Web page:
Corals are in trouble, but they could soon receive the help they need.
The National Oceanic and Atmospheric Agency (NOAA) proposed listing 66 species of reef-building corals under the Endangered Species Act (ESA), which is a step in the right direction for coral conservation. Being added to the Endangered Species list is more than a title upgrade (or downgrade, really). Listing species as endangered would prohibit harming, wounding or killing the species. It also prohibits the extraction of listed species, which includes importing or exporting the corals.
What has made these corals candidates for the list? A number of things: pollution, warming waters, overfishing and ocean acidification threaten the survival of corals. These threats can make corals more susceptible to disease and mortality. Protections like endangered species listing are vital to preserving coral from threats and helping them cope with changing environmental conditions.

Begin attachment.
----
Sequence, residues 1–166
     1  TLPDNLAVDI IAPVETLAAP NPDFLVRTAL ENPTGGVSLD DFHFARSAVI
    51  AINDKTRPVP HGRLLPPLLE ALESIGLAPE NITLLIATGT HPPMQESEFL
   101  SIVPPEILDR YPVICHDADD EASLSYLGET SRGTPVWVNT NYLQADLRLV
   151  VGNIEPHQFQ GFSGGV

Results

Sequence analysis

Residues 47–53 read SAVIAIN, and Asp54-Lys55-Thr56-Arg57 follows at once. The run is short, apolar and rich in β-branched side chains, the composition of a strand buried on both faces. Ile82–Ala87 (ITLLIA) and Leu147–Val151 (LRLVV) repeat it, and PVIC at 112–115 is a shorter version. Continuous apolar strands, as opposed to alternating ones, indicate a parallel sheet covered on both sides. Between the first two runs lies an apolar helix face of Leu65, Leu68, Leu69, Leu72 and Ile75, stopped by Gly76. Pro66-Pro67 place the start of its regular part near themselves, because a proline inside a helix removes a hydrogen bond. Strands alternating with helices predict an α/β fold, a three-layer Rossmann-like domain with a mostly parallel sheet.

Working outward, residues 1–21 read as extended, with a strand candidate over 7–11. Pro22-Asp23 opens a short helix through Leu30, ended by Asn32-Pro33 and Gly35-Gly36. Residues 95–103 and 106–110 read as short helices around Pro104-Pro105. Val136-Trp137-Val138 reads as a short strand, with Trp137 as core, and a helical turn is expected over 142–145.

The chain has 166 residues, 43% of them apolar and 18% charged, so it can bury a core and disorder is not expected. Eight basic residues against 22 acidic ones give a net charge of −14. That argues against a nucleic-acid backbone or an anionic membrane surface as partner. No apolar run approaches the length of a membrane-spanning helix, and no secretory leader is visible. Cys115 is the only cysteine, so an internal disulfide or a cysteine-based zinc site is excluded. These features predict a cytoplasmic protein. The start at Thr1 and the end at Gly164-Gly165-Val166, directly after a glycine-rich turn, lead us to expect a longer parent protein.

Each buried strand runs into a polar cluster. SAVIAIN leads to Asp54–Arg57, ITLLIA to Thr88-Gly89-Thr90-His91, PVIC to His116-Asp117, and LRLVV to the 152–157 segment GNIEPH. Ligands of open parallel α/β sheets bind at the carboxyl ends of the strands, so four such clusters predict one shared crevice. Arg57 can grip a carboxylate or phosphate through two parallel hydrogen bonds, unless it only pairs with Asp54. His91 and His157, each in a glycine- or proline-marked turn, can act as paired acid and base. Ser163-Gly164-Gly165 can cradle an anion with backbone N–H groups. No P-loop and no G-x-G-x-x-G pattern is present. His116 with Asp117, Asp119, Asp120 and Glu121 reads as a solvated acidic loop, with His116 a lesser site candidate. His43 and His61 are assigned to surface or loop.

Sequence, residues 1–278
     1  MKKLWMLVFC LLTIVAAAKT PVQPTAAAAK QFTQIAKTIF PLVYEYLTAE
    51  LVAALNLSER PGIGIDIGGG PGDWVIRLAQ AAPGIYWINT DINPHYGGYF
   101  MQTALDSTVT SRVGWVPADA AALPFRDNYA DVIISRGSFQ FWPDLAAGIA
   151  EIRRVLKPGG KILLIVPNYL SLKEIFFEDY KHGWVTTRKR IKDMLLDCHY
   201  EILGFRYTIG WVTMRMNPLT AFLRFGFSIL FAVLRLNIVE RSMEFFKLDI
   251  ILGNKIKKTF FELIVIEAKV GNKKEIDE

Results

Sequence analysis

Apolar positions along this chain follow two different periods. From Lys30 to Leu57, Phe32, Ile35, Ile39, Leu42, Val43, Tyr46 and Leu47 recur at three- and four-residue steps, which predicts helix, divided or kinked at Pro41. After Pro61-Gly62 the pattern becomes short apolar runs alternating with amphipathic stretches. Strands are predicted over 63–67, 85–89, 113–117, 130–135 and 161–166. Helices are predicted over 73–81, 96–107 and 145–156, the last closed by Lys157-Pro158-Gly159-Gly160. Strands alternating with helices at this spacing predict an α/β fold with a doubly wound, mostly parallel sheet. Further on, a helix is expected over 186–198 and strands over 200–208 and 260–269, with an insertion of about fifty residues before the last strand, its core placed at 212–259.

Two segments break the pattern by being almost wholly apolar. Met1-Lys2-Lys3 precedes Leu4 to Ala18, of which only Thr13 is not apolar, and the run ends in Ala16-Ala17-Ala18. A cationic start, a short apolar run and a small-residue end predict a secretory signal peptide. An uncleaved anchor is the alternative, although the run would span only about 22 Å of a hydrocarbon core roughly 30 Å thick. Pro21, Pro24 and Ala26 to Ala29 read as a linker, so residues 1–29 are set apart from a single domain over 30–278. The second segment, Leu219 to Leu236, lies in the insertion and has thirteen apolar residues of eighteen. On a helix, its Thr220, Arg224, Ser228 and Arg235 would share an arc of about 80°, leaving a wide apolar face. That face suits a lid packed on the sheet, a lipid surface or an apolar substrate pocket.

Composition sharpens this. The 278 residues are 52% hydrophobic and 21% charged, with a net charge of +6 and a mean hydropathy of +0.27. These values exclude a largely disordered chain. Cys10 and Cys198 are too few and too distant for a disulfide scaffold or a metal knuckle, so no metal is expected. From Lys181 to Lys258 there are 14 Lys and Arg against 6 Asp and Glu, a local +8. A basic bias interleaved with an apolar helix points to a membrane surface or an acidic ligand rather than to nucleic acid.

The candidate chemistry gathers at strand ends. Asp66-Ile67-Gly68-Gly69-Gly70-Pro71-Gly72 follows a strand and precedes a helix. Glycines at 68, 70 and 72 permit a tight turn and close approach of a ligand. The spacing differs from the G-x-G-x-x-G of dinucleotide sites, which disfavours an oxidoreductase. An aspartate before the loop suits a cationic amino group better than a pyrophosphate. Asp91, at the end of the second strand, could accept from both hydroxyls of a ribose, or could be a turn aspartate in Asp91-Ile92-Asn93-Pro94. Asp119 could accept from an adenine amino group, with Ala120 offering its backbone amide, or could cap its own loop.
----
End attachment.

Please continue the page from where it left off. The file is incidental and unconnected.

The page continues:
Corals are tremendously important economically and environmentally. Corals provide habitat to support fisheries that feed millions of people; create jobs and income for coastal economies through tourism, recreation and fisheries; and protect coastlines from storm damage. One independent study found that coral reefs provided about $483 million in annual net benefit to the U.S. economic from recreation and tourism activities. Marine life, such as fish, crustaceans and sea turtles rely on corals for food, shelter and nursery grounds. Over 25% of fish in the ocean and up to two million marine species use coral reefs as their home. Because of their significance, supporting NOAA’s proposed ESA listing for 66 coral species is incredibly important to their survival and our local economies.